Hughes County
1909 map of Hughes County
1909 map of Hughes County
Map of Oklahoma highlighting Hughes County
Location within the U.S. state of Oklahoma
Map of the United States highlighting Oklahoma
Oklahoma's location within the U.S.
Coordinates: 35°02′N 96°16′W / 35.04°N 96.26°W / 35.04; -96.26
Country United States
State Oklahoma
Founded1907
Named forW. C. Hughes
SeatHoldenville
Largest cityHoldenville
Area
 • Total815 sq mi (2,110 km2)
 • Land805 sq mi (2,080 km2)
 • Water10 sq mi (30 km2)  1.3%%
Population
 (2010)
 • Total14,003
 • Estimate 
(2019)
13,279
 • Density17/sq mi (7/km2)
Time zoneUTC−6 (Central)
 • Summer (DST)UTC−5 (CDT)
Congressional district2nd

Hughes County is a county located in south central U.S. state of Oklahoma. As of the 2010 census, the population was 14,003.[1] Its county seat is Holdenville.[2] The county was named for W. C. Hughes, an Oklahoma City lawyer who was a member of the Oklahoma Constitutional Convention.[3]

History

The area now occupied by Hughes County was part of Indian Territory in the 19th Century. The Creeks settled in the northern part, which fell within the Wewoka District of the Creek Nation, while the Choctaws settled in the southern, which fell within portions of Atoka County and Tobucksy County of the Choctaw Nation.[3] In 1834, Camp Holmes was established and used as a base for the Dodge-Leavenworth Expedition. It was near Edwards' Store on Little River, one of the first settlements in this area. Also, following Quapaw removal in 1834, several small groups of Quapaw dispersed throughout Indian Territory. There were absentee groups of Quapaw living along the Red River and in Creek, Choctaw and Cherokee territory. There was a Quapaw settlement near camp Holmes in Hughes County.[4]

When the Choctaw, Oklahoma and Gulf Railroad built in 1895, the Edward's settlement was moved north for access to the railroad. The town established there was named Holden, for James Franklin Holder, a railroad official. However, the Post Office Department would not accept that name because it was too similar to the name Holder. The town was renamed Holdenville. The post office opened November 15, 1895. Holdenville incorporated in 1898.[3]

Hughes County was created at statehood and named for W. C. Hughes,[5] an Oklahoma City lawyer who was a member of the Oklahoma Constitutional Convention.[3]

Geography

According to the U.S. Census Bureau, the county has a total area of 815 square miles (2,110 km2), of which 805 square miles (2,080 km2) is land and 10 square miles (26 km2) (1.3%) is water.[6] The county is located in the Sandstone Hills physiographic region. It is drained by the North Canadian River, Canadian River, and Little River.[3]

The county includes Holdenville and Wetumka lakes.[7]

Major highways

Adjacent counties

Demographics

Historical population
Census Pop.
191024,040
192026,0458.3%
193030,33416.5%
194029,189−3.8%
195020,664−29.2%
196015,144−26.7%
197013,228−12.7%
198014,3388.4%
199013,023−9.2%
200014,1548.7%
201014,003−1.1%
2019 (est.)13,279[8]−5.2%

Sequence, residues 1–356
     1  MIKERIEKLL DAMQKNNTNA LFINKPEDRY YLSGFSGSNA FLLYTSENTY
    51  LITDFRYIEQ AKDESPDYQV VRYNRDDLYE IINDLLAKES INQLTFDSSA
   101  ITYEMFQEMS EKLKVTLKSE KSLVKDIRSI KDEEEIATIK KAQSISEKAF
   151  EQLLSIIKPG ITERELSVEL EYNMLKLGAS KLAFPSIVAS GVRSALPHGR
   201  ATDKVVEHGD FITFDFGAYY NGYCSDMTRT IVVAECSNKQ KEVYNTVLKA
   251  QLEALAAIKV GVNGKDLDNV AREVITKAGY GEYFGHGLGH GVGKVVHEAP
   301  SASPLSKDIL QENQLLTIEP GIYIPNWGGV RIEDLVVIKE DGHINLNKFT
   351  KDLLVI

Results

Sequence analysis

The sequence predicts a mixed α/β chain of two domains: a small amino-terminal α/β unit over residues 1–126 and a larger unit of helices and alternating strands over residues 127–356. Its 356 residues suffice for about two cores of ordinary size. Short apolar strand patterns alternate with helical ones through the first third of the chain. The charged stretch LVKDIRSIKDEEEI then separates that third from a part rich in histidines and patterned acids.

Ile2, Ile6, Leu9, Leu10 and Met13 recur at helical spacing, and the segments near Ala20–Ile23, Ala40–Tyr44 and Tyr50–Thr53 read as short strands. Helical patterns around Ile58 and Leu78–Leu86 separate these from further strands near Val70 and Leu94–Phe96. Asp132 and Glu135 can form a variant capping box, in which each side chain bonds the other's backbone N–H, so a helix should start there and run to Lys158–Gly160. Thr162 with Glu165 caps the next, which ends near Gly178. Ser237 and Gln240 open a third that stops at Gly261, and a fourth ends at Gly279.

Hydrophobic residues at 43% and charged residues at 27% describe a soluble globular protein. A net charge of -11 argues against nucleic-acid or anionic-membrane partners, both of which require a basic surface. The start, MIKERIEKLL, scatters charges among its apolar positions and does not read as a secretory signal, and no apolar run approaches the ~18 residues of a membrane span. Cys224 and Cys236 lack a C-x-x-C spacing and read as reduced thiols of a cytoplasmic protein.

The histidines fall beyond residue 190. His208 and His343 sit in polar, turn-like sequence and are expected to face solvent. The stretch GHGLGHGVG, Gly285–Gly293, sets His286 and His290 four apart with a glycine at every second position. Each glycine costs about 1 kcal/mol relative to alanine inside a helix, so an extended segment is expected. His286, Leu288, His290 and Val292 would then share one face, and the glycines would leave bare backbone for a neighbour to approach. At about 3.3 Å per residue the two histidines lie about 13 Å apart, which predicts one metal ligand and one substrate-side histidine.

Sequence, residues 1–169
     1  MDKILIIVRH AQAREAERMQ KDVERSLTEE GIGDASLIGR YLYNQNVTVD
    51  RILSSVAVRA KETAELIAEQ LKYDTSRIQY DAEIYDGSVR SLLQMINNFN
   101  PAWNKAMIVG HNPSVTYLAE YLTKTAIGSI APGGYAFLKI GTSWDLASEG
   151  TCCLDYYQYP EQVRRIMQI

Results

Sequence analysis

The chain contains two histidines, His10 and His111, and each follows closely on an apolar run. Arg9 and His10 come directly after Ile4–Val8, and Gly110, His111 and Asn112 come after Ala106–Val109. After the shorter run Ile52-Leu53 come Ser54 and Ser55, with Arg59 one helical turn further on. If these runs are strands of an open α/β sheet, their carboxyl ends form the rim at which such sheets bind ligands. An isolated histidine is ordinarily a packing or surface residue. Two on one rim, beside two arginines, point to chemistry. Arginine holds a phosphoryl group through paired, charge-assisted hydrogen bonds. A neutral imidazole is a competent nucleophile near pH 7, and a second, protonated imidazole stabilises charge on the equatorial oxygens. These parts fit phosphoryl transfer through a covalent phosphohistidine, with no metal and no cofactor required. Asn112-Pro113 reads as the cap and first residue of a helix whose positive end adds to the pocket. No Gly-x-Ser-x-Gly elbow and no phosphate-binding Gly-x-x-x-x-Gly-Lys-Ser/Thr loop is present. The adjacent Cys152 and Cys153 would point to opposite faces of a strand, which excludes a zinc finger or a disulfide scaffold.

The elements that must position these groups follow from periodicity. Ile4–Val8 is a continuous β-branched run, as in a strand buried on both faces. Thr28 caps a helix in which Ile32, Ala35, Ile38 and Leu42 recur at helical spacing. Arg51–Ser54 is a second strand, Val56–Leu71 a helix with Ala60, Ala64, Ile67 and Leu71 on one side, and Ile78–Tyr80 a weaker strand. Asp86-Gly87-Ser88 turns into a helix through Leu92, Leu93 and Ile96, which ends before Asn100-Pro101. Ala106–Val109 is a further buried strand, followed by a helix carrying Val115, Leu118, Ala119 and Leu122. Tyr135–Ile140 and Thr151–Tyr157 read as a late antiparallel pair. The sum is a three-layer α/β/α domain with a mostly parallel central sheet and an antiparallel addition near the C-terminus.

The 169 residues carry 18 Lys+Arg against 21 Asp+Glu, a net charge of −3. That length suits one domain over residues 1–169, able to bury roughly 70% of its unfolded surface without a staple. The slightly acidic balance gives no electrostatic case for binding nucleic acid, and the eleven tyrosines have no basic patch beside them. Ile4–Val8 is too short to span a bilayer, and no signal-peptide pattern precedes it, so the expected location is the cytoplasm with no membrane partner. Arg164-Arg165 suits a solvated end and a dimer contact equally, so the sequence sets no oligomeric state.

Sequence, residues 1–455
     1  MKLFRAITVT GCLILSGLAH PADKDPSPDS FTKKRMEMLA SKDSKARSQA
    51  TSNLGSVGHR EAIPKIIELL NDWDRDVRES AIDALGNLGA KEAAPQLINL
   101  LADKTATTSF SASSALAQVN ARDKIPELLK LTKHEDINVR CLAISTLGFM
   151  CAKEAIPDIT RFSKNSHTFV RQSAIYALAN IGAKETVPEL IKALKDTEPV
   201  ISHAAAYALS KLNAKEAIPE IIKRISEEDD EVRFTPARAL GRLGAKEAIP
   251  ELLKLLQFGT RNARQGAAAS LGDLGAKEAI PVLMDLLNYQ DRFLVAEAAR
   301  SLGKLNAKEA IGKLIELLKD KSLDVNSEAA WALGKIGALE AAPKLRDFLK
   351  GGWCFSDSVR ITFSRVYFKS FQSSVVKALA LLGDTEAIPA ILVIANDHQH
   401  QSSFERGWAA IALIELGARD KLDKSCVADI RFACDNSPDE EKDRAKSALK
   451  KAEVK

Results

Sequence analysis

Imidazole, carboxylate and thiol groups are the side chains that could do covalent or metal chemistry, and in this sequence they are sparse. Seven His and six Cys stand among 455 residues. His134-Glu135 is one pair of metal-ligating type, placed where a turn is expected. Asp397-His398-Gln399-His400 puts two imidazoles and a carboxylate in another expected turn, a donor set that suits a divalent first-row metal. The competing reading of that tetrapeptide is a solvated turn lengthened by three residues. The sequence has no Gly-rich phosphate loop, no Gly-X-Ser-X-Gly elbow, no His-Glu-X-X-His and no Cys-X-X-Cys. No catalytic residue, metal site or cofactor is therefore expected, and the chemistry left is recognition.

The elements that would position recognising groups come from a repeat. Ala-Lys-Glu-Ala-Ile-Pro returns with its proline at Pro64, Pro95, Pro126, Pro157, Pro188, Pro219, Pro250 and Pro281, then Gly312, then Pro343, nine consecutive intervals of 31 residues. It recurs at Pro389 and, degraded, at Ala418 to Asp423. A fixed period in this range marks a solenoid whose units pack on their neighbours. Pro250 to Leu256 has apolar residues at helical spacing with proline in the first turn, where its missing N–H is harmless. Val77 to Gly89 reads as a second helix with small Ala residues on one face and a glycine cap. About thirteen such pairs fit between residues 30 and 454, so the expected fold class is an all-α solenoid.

U.S. Decennial Census[9]
1790-1960[10] 1900-1990[11]
1990-2000[12] 2010-2019[1]

As of the census[13] of 2000, there were 14,154 people, 5,319 households, and 3,675 families residing in the county. The population density was 18 people per square mile (7/km2). There were 6,237 housing units at an average density of 8 per square mile (3/km2). The racial makeup of the county was 72.77% White, 4.48% Black or African American, 16.18% Native American, 0.21% Asian, 0.02% Pacific Islander, 0.98% from other races, and 5.36% from two or more races. 2.49% of the population were Hispanic or Latino of any race. 94.3% spoke English, 2.6% Muskogee and 2.5% Spanish as their first language.

There were 5,319 households, out of which 28.80% had children under the age of 18 living with them, 53.50% were married couples living together, 11.30% had a female householder with no husband present, and 30.90% were non-families. 28.60% of all households were made up of individuals, and 16.00% had someone living alone who was 65 years of age or older. The average household size was 2.42 and the average family size was 2.96.

In the county, the population was spread out, with 23.20% under the age of 18, 8.00% from 18 to 24, 27.20% from 25 to 44, 23.20% from 45 to 64, and 18.60% who were 65 years of age or older. The median age was 39 years. For every 100 females there were 105.80 males. For every 100 females age 18 and over, there were 105.50 males.

The median income for a household in the county was $22,621, and the median income for a family was $29,153. Males had a median income of $22,337 versus $18,029 for females. The per capita income for the county was $12,687. About 16.70% of families and 21.90% of the population were below the poverty line, including 27.40% of those under age 18 and 17.60% of those age 65 or over.

Politics

Despite the county being home to a significant Native American population and a wide Democratic registration advantage, the county has not voted that way in presidential elections in the 21st century. Following the lead of most rural counties nationwide, the Republican Party candidate has won at least 60% of the vote in the county since 2008, with Donald Trump topping out at 79.8% of the vote in 2020.